From the years I lived in my parents’ house
I remember a habit my mother kept;
After dinner, past eight, while my sisters slept
And my father, dreaming, read in bed,
Only half-awake my mother would sit
Late into night’s obscure phase.
Slumped on a creaking kitchen chair
She’d rub her feet, or rise to shift
The drying crockery into place,
While crooked lines of thin unease
Would draw and cramp within her face.

Nights when we were very young
Pulsed away with comforting sound;
Tight inside with sight turned down,
While in the yard the dark took tongue.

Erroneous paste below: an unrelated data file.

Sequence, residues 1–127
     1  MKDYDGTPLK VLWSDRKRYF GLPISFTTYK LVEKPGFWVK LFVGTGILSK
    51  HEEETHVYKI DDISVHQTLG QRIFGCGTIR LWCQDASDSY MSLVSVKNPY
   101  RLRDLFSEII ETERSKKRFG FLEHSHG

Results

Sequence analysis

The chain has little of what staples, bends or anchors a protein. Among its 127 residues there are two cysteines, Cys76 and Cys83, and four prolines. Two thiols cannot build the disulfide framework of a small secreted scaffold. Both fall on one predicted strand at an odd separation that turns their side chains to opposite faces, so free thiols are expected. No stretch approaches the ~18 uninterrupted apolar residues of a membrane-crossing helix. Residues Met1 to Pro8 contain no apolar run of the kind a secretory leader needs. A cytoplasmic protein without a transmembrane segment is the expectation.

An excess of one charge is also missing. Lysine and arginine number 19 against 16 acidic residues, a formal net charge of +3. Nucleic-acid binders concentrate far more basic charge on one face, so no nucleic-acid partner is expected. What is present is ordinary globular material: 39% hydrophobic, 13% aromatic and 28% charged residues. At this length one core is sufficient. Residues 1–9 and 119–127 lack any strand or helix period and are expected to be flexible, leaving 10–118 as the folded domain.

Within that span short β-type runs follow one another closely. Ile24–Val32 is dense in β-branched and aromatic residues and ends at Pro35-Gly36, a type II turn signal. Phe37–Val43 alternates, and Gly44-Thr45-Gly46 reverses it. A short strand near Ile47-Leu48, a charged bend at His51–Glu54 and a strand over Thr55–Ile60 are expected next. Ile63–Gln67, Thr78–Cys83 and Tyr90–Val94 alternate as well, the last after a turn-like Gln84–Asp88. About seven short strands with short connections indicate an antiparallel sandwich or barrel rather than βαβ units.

I sometimes watched her waiting there;
She’d move about, plump her hair,
Then head bent, she’d lock her hands
Over her stomach like banana-skins
As if convinced that she was meant
To much there for centuries.

And all the while the night took stock
Showing neither black nor light.
Beetles moved within the ground,
And the house ticked audibly like a heating clock.

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